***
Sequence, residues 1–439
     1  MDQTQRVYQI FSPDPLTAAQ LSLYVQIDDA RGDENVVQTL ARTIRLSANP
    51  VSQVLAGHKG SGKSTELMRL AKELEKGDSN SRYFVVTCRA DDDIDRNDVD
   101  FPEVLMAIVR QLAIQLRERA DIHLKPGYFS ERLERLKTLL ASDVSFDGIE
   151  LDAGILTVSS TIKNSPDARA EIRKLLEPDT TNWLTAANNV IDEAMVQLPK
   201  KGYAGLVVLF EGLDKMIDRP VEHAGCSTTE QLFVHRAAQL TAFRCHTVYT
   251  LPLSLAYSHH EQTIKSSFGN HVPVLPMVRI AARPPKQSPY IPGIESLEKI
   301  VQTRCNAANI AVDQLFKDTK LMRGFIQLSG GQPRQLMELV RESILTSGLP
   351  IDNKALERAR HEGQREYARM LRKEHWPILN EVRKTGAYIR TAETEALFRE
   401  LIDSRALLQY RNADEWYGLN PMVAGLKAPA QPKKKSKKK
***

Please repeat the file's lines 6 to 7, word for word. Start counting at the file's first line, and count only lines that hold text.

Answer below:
   201  KGYAGLVVLF EGLDKMIDRP VEHAGCSTTE QLFVHRAAQL TAFRCHTVYT
   251  LPLSLAYSHH EQTIKSSFGN HVPVLPMVRI AARPPKQSPY IPGIESLEKI